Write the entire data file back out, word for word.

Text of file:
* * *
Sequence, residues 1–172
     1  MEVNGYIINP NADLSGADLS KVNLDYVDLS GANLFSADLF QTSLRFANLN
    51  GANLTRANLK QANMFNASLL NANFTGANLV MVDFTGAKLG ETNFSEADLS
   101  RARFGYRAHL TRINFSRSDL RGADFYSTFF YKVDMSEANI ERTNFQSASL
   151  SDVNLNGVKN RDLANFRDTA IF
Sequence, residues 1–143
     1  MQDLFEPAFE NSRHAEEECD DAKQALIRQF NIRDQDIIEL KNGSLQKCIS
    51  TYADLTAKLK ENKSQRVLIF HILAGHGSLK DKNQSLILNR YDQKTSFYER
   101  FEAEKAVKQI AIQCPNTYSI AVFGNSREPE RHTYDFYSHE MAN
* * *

Sequence, residues 1–172
     1  MEVNGYIINP NADLSGADLS KVNLDYVDLS GANLFSADLF QTSLRFANLN
    51  GANLTRANLK QANMFNASLL NANFTGANLV MVDFTGAKLG ETNFSEADLS
   101  RARFGYRAHL TRINFSRSDL RGADFYSTFF YKVDMSEANI ERTNFQSASL
   151  SDVNLNGVKN RDLANFRDTA IF
Sequence, residues 1–143
     1  MQDLFEPAFE NSRHAEEECD DAKQALIRQF NIRDQDIIEL KNGSLQKCIS
    51  TYADLTAKLK ENKSQRVLIF HILAGHGSLK DKNQSLILNR YDQKTSFYER
   101  FEAEKAVKQI AIQCPNTYSI AVFGNSREPE RHTYDFYSHE MAN